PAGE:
"25. There may be several factors that may influence parties to come to a settlement as a phased endeavour in the course of collective bargaining. Once cordiality is established between the employer and labour in arriving at a settlement which operates well for the period that is in force, there is always a likelihood of further advances in the shape of improved emoluments by voluntary settlement avoiding friction and unhealthy litigation. This is the quintessence of settlement which courts and tribunals should endeavour to encourage. It is in that spirit the settlement has to be judged and not by the yardstick adopted in scrutinizing an award in adjudication." The line of enquiry whether settlement was unfair and unjust in K.C.P. Ltd. v. Presiding Officer (1996) 10 SCC 446) was adopted by a three-Judge Bench of this Court speaking through Majumdar, J. It was observed at SCC p. 451, paragraph 21 that:

"Under these circumstances, Respondents 3 to 14 also would be ordinarily bound by this settlement entered into by their representative Union with the Company unless it is shown that the said settlement was ex facie, unfair, unjust or mala fide." The Court came to the conclusion that the settlement cannot be characterised to be unfair or unjust. It was further observed that "once this conclusion is reached it is obvious that the entire industrial dispute should have been disposed of in the light of this settlement". It was reiterated in the case of Tata Engg. and Locomotive Co. Ltd. v. Workmen ((1981) 4 SCC 627) that :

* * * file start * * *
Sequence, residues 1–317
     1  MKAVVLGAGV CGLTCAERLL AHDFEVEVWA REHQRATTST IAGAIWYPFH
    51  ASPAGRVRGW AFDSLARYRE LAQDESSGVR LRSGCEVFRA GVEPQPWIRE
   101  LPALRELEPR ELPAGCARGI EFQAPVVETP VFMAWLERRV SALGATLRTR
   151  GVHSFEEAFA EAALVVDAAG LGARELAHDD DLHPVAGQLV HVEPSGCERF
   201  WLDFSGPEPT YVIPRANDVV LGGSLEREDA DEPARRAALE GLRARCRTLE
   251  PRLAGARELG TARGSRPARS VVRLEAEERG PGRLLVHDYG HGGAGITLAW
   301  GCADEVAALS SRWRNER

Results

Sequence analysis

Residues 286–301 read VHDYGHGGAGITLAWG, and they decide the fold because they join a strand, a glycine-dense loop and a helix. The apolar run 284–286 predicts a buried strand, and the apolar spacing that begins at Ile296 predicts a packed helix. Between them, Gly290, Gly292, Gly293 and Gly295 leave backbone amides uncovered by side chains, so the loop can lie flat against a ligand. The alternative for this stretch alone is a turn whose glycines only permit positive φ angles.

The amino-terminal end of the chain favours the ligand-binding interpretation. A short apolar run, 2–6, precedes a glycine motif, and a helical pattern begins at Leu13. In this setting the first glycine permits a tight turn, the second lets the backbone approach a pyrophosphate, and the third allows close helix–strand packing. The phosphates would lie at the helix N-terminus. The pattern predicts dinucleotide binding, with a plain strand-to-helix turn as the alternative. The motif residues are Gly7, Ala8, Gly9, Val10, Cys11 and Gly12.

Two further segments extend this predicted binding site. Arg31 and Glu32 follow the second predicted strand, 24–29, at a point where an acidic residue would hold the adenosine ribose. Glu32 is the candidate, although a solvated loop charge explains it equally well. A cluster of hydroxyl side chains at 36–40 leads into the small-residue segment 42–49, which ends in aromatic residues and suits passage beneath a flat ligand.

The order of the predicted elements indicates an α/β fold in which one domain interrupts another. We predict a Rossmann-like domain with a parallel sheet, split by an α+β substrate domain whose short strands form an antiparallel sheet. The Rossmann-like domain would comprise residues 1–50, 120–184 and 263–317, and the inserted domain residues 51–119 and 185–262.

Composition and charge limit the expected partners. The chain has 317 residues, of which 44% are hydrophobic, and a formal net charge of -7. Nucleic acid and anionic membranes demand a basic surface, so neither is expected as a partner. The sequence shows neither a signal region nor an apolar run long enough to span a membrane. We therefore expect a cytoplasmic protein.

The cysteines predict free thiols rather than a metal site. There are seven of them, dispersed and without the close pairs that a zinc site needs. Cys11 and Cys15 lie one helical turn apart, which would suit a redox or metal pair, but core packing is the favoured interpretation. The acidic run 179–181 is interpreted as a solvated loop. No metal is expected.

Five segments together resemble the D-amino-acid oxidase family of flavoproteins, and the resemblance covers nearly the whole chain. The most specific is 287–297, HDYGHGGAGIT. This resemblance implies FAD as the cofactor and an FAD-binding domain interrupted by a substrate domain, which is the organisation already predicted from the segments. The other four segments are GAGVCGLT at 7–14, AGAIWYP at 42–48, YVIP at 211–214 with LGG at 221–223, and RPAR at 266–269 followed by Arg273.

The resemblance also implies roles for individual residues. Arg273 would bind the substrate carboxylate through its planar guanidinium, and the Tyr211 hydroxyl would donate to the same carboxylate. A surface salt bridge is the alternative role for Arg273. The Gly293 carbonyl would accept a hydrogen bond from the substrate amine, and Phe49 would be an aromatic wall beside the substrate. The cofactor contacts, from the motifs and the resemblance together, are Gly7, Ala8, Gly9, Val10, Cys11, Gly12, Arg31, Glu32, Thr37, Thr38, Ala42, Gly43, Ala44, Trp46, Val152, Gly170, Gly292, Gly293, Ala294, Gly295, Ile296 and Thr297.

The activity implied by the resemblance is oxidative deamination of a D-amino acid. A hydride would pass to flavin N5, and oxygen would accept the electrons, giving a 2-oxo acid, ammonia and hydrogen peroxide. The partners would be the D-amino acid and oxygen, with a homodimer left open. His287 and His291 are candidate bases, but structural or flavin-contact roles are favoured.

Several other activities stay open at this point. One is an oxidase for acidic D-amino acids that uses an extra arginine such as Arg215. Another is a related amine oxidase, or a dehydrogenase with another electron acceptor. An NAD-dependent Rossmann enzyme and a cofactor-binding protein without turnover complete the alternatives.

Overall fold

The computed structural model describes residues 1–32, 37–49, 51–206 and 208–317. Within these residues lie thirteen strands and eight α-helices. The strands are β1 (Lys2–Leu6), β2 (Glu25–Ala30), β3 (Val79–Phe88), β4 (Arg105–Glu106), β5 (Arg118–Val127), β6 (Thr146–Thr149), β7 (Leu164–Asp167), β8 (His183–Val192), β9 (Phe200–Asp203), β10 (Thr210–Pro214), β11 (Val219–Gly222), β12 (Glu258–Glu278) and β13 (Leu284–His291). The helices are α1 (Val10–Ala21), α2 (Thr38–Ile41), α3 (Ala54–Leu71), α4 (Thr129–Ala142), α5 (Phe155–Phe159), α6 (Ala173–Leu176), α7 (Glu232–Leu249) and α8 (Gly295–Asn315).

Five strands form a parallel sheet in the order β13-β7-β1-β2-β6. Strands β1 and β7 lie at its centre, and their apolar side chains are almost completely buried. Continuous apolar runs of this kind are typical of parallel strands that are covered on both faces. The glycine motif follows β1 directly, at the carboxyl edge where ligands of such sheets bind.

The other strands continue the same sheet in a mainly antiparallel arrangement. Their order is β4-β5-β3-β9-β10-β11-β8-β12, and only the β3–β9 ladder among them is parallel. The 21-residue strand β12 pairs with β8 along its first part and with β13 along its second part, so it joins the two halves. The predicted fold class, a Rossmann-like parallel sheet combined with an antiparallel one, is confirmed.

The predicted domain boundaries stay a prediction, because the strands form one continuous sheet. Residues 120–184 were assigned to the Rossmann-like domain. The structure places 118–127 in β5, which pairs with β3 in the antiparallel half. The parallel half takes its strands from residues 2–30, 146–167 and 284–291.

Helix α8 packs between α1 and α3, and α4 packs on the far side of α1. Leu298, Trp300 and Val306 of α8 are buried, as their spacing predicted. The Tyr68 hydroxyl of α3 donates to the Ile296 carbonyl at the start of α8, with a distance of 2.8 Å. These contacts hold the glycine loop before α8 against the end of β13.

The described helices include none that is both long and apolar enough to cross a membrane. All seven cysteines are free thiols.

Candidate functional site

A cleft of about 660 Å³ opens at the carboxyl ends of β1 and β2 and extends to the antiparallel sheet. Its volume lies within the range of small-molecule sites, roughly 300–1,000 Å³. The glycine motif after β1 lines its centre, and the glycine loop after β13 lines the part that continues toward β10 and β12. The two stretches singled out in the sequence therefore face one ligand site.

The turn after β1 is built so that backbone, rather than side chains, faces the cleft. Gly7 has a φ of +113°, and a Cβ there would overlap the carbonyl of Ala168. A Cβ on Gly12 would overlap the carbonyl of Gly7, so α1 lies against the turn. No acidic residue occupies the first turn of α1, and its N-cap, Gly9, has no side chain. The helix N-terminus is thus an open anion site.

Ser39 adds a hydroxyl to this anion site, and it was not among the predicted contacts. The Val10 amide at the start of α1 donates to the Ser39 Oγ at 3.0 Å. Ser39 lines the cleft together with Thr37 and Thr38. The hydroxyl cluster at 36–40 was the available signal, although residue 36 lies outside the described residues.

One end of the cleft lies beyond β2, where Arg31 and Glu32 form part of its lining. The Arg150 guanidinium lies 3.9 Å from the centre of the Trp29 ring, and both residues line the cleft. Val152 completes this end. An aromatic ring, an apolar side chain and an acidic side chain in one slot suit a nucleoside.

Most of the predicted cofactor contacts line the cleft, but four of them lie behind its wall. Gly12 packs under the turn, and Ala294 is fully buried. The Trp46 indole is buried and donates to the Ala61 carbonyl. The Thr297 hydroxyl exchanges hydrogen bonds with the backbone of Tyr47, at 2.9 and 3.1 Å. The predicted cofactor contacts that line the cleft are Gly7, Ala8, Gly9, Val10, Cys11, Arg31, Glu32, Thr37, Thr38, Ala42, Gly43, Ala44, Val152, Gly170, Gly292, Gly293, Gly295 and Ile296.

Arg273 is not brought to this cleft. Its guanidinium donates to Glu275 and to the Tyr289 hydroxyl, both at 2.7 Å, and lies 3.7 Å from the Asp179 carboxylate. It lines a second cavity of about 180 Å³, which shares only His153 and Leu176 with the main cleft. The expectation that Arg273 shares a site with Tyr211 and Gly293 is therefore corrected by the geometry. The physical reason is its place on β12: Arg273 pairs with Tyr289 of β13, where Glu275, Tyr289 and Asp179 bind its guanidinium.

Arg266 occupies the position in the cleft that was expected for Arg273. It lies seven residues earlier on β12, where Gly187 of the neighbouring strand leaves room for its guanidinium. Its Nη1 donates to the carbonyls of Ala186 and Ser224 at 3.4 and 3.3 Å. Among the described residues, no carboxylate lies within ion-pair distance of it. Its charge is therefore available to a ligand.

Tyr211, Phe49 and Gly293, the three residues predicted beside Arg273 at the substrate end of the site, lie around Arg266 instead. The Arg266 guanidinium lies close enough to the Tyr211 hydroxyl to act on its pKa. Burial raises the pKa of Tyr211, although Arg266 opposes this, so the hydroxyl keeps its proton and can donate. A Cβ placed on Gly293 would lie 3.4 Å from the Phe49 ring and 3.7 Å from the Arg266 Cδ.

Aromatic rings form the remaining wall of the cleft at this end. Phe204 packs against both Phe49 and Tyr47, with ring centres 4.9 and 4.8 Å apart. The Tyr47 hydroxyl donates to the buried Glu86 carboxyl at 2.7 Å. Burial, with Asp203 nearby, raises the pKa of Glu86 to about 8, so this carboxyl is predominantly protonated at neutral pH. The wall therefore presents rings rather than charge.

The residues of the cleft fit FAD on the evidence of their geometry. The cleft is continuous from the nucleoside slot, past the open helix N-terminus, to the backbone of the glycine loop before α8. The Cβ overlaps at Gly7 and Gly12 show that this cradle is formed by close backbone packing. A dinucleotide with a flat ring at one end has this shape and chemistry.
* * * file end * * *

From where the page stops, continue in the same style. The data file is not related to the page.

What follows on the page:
"A settlement cannot be weighed in any golden scales and the question whether it is just and fair has to be answered on the basis of principles different from those which come into play when an industrial dispute is under adjudication." Earlier, it was observed :